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Final Technical Report

2006

CONTRIBUTION TO THE RED LIST OF THE PLANTS OF PAKISTAN:


ENDEMIC PHANEROGAMS OF GILGIT AND BALTISTAN

Astragalus gilgitensis Ali

Principal Investigator

PROF. DR. SYED IRTIFAQ ALI

Research Fellow

MR. JAN ALAM

DEPARTMENT OF BOTANY UNIVERSITY OF KARACHI


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1. Project Number WWF/Sc/SA (03)/300


2. Project Title Contribution to the Red List of the Plants of
Pakistan: Endemic Phanerogams of Gilgit
and Baltistan.
3. Project Executant
Name Syed Irtifaq Ali
3.1.
Title & Organization Professor of Botany
3.2. Department of Botany, University
of Karachi, Karachi-75270.
Address Department of Botany, University of
3.3. Karachi, Karachi-75270.
4. Project Duration (in months) 33 months
Starting Date April, 2003
4.a.
Ending Date January, 2006
4.b.
Project report for the period Final Report (2006)
4.c.
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CONTENTS

List of Tables…………………………………………………………………………… .4
List of Figures………………… ………………………………………………………...6

Summary. …………………….………………………………………………………….7

INTRODUCTION………………………………………………………………………8

1. Occurrence and Administrative Division……………………………………..8


2. Human population……………………………………………………………...8
3. Topography………………………………………………………………………8

PROJECT AIMS AND OBJECTIVES………………………………………………..9


MATERIALS AND METHODS…………………………………………………….10

RESULTS……………………………………………………………………………….11
1. Aconitum violaceum var weileri………………………………………………...12
2. Androsace rusellii ……………………………………………………………….14
3. Asperula oppositifolia subsp. baltistanica………………………………………16
4. Astragalus clarkeanus……………………………………………………….…..17
5. Astragalus gilgitensis……………………………………………………………19
6. Berberis pseudoumbellata subsp. gilgitica………………………………………24
7. Haplophyllum gilesii…………………………………………………………….26
8. Rhodiola saxifragoides…………………………………………………………...28
9. Tanacetum baltistanicum………………………………………………………..31

SIGNIFICANT FINDINGS………………………………………………………….33

RECOMMENDATIONS……………………………………………………………..36
1. Short-term conservation measures…………………………………………...36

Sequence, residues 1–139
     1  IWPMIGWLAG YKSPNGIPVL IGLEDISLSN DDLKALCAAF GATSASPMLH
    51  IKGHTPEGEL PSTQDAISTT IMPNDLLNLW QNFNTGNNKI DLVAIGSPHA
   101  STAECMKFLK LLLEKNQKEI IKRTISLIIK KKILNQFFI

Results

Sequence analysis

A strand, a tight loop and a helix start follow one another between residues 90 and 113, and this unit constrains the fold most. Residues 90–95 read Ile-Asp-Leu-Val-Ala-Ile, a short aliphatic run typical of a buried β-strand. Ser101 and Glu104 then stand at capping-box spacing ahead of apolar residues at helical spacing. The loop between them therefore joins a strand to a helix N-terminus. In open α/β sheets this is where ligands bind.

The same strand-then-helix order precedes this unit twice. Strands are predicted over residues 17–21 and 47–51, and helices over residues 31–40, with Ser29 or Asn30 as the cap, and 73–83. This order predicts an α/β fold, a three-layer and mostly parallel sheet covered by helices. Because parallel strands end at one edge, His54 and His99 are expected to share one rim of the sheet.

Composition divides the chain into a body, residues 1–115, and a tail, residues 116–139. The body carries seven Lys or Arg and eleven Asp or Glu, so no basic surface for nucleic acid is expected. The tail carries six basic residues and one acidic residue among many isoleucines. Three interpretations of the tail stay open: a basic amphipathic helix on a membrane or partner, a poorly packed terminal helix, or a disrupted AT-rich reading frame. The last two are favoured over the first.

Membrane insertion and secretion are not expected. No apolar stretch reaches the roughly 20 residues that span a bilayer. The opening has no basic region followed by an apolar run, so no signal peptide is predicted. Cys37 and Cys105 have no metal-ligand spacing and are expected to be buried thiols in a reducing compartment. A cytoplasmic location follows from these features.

2. Long-term conservation measures…………………………………………...37

REFERENCES………………………………………………………………………….38
TABLES…………………………………………………………………………………39
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LIST OF TABLES

Table 1. Administrative divisions of the project area 39


Table 2. Taxa endemic to Gilgit and Baltistan 39
Table 3. Taxa endemic to Pakistan and also present in Gilgit and 40
Baltistan
Table 4. Population size of Aconitum violaceum var. weileri (2005) 44
Table 5. Summary of population size of Aconitum violaceum var. 44
weileri
Table 6. Variation in number of seeds per fruit in Aconitum 44
violaceum var. weileri
Table 7. Variation in number of fruits per plant of Aconitum 44
violaceum var. weileri
Table 8. Grazing Impact Analysis of Aconitum violaceum var. weileri 45
(2005)
Table 9. Summary of Grazing Impact Analysis of Aconitum 45
violaceum var. weileri (Grazing Index)

Table 10. Analysis of geographic range of Aconitum violaceum var. 45


weileri
Table 11. Population Size of Androsace russellii (2005) 45

Table 12. Summary of Population size of Androsace russellii 46


Table 13. Analysis of geographic range of Androsace russellii 46
Table 14. Population size of Asperula oppositifolia subsp. baltistanica 46
(2005)
Table 15. Summary of Population size of Asperula oppositifolia subsp. 46
baltistanica
Table 16. Grazing Impact Analysis of Asperula oppositifolia subsp. 46
baltistanica (2005)
Table 17. Summary of Grazing Impact Analysis of Asperula 46
oppositifolia subsp. baltistanica (Grazing Index)
Table 18. Analysis of geographic range of Asperula oppositifolia subsp. 47
baltistanica
Table 19. Population size of Astragalus clarkeanus (2005) 47

Table 20. Summary of Population size of Astragalus clarkeanus 47


Table 21. Grazing Impact Analysis of Astragalus clarkeanus (2005) 47
Table 22. Summary of Grazing Impact Analysis of Astragalus 47
clarkeanus (Grazing Index)